The BAA has issued this statement.
“The UK has a thriving amateur astronomy community who regularly observe the night sky in the evenings.
Many of these amateurs share their knowledge at organised public outreach events across the whole country every year. These evening events are attended by people of all ages and backgrounds. For many youngsters it will be their first experience of science outside the classroom and for some it will be a pleasurable and formative experience that may encourage them into a science-based education and career, something the government is keen to promote.
By delaying the time at which it becomes dark enough to observe the night sky, the proposals in the Daylight Saving Bill will have a detrimental effect on these outreach activities and reduce their benefit to society.
We encourage those deciding on the proposed Daylight Saving Bill to take this into account.”
Members may wish to write to their MP to make their own representations.
This is the introduction from the full paper, available for download here as a pdf:
Cataclysmic Variables: An introduction to the evolution, variability and science of nature’s most dynamic stars
by Philip Hall
This paper is dedicated with respect and appreciation to the many amateur astronomers around the world whose patient and diligent observations have done so much to further our understanding of variable stars. The author also wishes to thank the BAA Variable Star Section for its generous support in providing a public forum to disseminate this discussion of cataclysmic variables.
Philip Hall is a British-born amateur astronomer based in Tokyo whose principle observing interest is deep sky objects. He is currently about 90% of the way through the Herschel 400 list. This review of cataclysmic variable stars was originally submitted as a project paper for one unit of the Swinburne Astronomy Online MSc degree programme, and he hopes it will be of background interest to amateur astronomers generally as well as a useful introduction to the subject for intending and current variable star observers.
The BAA’s Variable Star Section was formed in 1890, the year the BAA was founded, with the aim of collecting and analysing observations of variable stars. The Section is run by a small group of Officers who deal with various aspects separately but meet at intervals to discuss and decide future plans and policy. Feedback to members is through the VSS Circulars published four times a year and through the BAA Journal.
The website of the BAA VSS contains a wealth of information for you to explore, including their “Variable Star of the Year” section, an abundance of light curves produced by BAA members, and a 2011 summary of predictions of Mira Variable Stars.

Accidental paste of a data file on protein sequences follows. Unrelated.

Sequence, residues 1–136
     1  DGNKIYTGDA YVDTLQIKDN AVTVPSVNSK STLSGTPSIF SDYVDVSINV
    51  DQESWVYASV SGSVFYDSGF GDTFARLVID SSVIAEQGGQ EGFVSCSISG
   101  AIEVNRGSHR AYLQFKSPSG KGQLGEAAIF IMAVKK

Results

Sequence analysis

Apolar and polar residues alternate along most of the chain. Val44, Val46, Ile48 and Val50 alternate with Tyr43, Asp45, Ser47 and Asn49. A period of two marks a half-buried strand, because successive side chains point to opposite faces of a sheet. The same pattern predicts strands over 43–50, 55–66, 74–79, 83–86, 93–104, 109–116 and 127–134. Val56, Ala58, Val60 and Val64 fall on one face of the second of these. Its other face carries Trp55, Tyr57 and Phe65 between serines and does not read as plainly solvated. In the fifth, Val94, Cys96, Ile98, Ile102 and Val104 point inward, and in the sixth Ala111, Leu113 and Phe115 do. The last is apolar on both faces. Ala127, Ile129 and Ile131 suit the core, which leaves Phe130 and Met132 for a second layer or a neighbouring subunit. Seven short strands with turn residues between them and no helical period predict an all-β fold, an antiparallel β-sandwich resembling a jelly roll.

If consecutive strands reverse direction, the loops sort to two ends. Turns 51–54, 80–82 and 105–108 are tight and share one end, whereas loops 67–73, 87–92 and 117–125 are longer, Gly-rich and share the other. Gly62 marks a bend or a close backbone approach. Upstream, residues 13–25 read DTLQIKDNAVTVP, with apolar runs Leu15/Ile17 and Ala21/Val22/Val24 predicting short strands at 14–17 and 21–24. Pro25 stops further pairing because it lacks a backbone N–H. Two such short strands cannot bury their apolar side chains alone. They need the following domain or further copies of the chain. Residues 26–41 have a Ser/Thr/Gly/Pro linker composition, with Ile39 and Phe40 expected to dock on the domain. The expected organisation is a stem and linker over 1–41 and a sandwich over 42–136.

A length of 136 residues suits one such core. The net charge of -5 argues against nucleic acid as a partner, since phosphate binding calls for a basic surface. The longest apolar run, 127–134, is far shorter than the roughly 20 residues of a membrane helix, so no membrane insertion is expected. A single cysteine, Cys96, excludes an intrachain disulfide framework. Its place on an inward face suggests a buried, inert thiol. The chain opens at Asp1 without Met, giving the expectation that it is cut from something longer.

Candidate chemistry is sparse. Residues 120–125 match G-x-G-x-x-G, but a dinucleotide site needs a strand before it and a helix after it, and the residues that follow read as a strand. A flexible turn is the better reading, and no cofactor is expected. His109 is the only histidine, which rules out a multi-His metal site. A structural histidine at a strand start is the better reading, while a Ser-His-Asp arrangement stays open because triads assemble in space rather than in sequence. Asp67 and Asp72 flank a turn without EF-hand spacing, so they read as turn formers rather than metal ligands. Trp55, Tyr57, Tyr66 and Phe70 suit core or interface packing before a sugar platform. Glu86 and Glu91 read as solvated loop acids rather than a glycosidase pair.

You can also follow the Variable Star Section via their new Facebook page.
A new active region AR11162 has emerged adding to the possibility of further flare events. Observations should be sent as soon as possible to the Solar Section Director with details of date, time (UT) of start, peak and end of flare event, location and intensity.
Big Bear Solar Observatory activity warning is reproduced below:
Solar activity is high.
A new region now numbered 11162 has erupted north of 11161.
It has produced two M-class flares overnight. The region is
magnetically complex and rapidly growing. M-class flares are
expected and an X-class flare is possible.
Region 11158 has simplified somewhat but remains capable of an M-class event.
NOAA 11158, S19 W63 (X= 820,Y=-264). Beta-gamma-delta region.
C-class flares expected, M-class flare possible.
NOAA 11162, N20 W06 (X= 96,Y= 441). Beta-gamma-delta region.
M-class flares expected, X-class flare possible.
Positions as of February 18, 2011 at 19:00 UT.
This weeks Picture of the Week is the faint globular cluster Pal 2a in Taurus, imaged by Paul Brierley from Cheshire, on 2011 Jan 28.
“Here is my first image from my Palomar globular cluster project.
Pal 2 Taurus M+13.4
This is a very tricky object, that really requires a better sky then I had last night and a longer exposure. The local seeing was terrible and it was, for a time. Windy.
The image which you see here is, I’m afraid only 45 minutes long. It is comprised of 9×5 minute exposures and imaged between 7:30 and 9pm last night.
I have tried to give you a realistic view, with out over processing. And I think my image is possibly similar to a view through a 20″ or larger Dobson.”
Equipment: Orion Optics SPX200-800 f4 “AG”, a William Optics ZS66SD for guiding and wide field observing. Losmandy G11 with Gemini L4. Atik 16-IC with a filter wheel and Baader MPCC coma corrector. QHY5 for guiding.
Nick James made this image of SN 2011B in NGC 2655 on February 3rd at 00:23:54 UT, using a Celestron C11 with ST9XE CCD camera. 10×30s unfiltered exposures.
At 13th magnitude this supernova is within reach of visual observers, and NGC 2655 is well placed for observing in Camelopardalis.
Martin Mobberley also shot this supernova earlier that night: